Three Gorges Dam on the Yangtze River, China

"A river is like a human body, you cannot cut it". But supporters of the largest dam of the world mantain China has no choice


Description
Dams have been a politically contentious issue in China since the 1950s, during which Mao’s effort to rapidly industrialize China resulted in the emergence of thousands of poorly constructed dams across the country, all of which had collapsed by 1980 [1].
See more...
Basic Data
NameThree Gorges Dam on the Yangtze River, China
CountryChina
ProvinceHubei
SiteYichang
Accuracy of LocationHIGH local level
Source of Conflict
Type of Conflict (1st level)Water Management
Type of Conflict (2nd level)Dams and water distribution conflicts
Land acquisition conflicts
Specific CommoditiesElectricity
Water
Land
Project Details and Actors
Project Details
The Three Gorges Dam is the world's largest capacity hydroelectric power station with 34 generators: 32 main generators, each with a capacity of 700 MW, and two plant power generators, each with capacity of 50 MW, making a total capacity of 22,500 MW
See more...
Level of Investment (in USD)23,000,000,000 (official estimate)
Type of PopulationUrban
Potential Affected Population1.2 million displaced
Company Names or State Enterprises China Yangtze Power from China
Power Grid Development Company from China - The company is responsible for the transmission work
Siemens from Germany - supply electrical system equipment through its subsidary Voith Siemens Hydro Power Generation
Alstom from France
China Three Gorges Corporation (CTG ) from China - Responsible for the construction of the Three Gorges Dam
Relevant government actorsThe National People's Congress
International and Financial InstitutionsChina Development Bank (CDB) from China
China Construction Bank from China
Environmental justice organisations and other supportersInternational Rivers; Weng Lida, the secretary general of the Yangtze River Forum; Dai Qing, prominent Chinese journalist; Zhou Peiyuan and Lin Hua, prominent Chinese scientists
The Conflict and the Mobilization
Intensity of Conflict (at highest level)LATENT (no visible organising at the moment)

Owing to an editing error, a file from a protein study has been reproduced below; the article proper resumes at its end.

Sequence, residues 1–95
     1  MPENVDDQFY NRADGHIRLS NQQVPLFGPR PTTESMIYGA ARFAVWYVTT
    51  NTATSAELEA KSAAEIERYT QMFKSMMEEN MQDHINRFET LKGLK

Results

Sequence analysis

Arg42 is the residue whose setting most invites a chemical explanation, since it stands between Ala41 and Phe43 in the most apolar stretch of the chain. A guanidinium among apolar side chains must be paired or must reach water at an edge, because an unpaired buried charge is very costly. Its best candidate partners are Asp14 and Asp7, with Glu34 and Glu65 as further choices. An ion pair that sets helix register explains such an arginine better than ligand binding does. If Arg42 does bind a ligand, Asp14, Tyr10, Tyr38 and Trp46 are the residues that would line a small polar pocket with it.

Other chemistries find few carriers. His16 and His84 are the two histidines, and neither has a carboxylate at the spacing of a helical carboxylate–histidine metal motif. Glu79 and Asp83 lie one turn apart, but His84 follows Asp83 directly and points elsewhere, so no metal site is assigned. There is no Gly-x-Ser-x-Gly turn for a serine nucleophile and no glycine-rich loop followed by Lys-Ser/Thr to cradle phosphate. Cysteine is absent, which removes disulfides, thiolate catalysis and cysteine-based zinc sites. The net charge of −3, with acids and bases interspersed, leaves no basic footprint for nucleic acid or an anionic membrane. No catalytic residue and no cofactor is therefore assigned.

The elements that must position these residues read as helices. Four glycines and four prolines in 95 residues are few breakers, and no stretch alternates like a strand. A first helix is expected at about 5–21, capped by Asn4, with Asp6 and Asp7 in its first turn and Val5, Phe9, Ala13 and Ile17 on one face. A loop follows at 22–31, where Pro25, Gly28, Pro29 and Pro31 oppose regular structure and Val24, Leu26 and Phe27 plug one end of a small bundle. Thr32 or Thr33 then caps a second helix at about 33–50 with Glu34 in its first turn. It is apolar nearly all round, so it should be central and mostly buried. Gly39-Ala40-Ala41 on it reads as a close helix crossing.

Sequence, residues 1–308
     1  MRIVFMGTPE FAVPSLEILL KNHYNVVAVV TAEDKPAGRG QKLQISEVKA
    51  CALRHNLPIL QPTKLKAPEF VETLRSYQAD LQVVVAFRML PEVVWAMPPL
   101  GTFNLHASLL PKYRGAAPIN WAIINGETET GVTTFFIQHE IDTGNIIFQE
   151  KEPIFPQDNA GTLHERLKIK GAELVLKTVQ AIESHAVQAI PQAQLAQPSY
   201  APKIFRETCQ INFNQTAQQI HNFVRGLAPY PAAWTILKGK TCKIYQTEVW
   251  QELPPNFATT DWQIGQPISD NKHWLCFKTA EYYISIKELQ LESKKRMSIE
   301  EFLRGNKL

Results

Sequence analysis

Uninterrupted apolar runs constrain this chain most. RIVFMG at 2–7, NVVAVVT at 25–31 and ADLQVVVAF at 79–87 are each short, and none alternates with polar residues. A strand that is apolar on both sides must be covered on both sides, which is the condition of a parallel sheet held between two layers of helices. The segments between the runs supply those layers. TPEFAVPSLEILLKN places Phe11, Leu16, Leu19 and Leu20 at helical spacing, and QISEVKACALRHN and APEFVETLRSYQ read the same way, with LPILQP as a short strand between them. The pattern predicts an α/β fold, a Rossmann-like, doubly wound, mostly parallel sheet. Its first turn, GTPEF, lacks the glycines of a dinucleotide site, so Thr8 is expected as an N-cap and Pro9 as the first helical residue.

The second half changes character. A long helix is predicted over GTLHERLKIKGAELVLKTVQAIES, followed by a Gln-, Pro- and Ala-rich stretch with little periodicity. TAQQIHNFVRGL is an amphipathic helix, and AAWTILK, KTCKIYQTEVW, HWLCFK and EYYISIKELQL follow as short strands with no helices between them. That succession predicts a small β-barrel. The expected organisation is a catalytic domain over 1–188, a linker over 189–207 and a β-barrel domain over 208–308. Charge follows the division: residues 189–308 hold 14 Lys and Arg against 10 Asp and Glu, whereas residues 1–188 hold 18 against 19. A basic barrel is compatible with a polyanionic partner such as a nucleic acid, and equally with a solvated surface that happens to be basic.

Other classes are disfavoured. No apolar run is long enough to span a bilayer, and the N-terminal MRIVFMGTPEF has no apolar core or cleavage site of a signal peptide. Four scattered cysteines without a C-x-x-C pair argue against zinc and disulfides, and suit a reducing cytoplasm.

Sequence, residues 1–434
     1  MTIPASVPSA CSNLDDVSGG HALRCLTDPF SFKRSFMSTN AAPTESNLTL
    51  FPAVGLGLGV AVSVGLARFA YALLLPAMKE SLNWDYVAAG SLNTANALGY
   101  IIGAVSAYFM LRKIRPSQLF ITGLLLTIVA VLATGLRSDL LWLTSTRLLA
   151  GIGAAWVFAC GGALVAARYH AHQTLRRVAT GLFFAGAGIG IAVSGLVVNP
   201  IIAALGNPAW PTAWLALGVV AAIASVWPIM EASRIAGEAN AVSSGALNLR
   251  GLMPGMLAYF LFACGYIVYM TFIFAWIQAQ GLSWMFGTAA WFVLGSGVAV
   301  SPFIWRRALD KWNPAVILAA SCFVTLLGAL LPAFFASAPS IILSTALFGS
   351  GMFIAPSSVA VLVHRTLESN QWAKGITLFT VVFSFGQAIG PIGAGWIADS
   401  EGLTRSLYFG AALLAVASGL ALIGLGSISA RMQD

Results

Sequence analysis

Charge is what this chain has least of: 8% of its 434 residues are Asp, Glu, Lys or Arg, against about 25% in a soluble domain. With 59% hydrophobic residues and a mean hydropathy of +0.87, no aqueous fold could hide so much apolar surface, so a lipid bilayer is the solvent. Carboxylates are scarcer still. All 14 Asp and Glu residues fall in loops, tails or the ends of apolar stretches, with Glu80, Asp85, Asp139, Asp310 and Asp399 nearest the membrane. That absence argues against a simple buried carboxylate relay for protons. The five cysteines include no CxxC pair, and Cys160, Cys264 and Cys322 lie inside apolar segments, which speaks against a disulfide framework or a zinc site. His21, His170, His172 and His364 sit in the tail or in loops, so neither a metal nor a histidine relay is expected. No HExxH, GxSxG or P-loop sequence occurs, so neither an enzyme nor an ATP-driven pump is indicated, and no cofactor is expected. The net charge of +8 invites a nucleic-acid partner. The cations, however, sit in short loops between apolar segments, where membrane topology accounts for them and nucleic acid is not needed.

When did the mobilization beginPREVENTIVE resistance (precautionary phase)
Groups MobilizingLocal scientists/professionals
Forms of MobilizationCreation of alternative reports/knowledge
Media based activism/alternative media
Impacts
Environmental ImpactsVisible: Biodiversity loss (wildlife, agro-diversity), Desertification/Drought, Floods (river, coastal, mudflow), Loss of landscape/aesthetic degradation, Soil erosion, Deforestation and loss of vegetation cover, Large-scale disturbance of hydro and geological systems, Reduced ecological / hydrological connectivity, Global warming, Surface water pollution / Decreasing water (physico-chemical, biological) quality, Groundwater pollution or depletion, Food insecurity (crop damage)
Potential: Soil contamination, Noise pollution
Health ImpactsVisible: Mental problems including stress, depression and suicide
Socio-economic ImpactsVisible: Increase in Corruption/Co-optation of different actors, Displacement, Loss of livelihood, Loss of traditional knowledge/practices/cultures, Violations of human rights, Land dispossession, Loss of landscape/sense of place, Increase in violence and crime, Lack of work security, labour absenteeism, firings, unemployment, Social problems (alcoholism, prostitution, etc..), Specific impacts on women
Outcome
Project StatusIn operation
Pathways for conflict outcome / responseCriminalization of activists
Migration/displacement
Repression
Application of existing regulations
Do you consider this as a success?No
Why? Explain briefly.In an unexpected statement, China’s government has just acknowledged the serious problems of the Three Gorges Dam. “The project is now greatly benefiting the society in the aspects of flood prevention, power generation, river transportation and water resource utilization,” the government maintained, but it has also “caused some urgent problems in terms of environmental protection, the prevention of geological hazards and the welfare of the relocated communities" [10].
Sources and Materials
References

[2] Jackson, S. & Sleigh, A. (2000). Resettlement for China’s Three Gorges Dam: socio-economic impact and institutional tensions.
Communist and Post-Communist Studies, 33(2), 223-241.

[1] Shapiro, J. (2012). China’s environmental challenges. Cambridge, U.K., Cambridgeshire: Polity Press.

[3] Jing, J. (1997). Rural resettlement: Past lessons for the three Gorges Project. The China Journal, (38), 65.

[4] Lin, T.C. (2007). Environmental NGOs and the Anti-dam movements in China: A social movement with Chinese characteristics. Issues & Studies, 43(4), 149-184.

Links

[6] Floods test Three Gorges Dam
[click to view]

[5] Three Gorges Dam
[click to view]

[7] China's Enormous Three Gorges Dam Could End Up Being A Huge Mistake
[click to view]

[8] Three Gorges Dam
[click to view]

[9]Chinese Government Acknowledges Problems of Three Gorges Dam
[click to view]

[11] Probe International - Who is behind China’s Three Gorges Dam
[click to view]

[10] Articles Landslide destroys dam in Three Gorges region
[click to view]

Media Links

National Geographic
[click to view]

Is the Three Gorges Dam a Ticking Time Bomb?
[click to view]

Other Documents

Three Gorges Dam Source: http://en.wikipedia.org/wiki/Three_Gorges_Dam#mediaviewer/File:ThreeGorgesDam-China2009.jpg
[click to view]

Meta Information
ContributorEJOLT team at School of Geography and China Centre, University of Oxford
Last update17/02/2015
Comments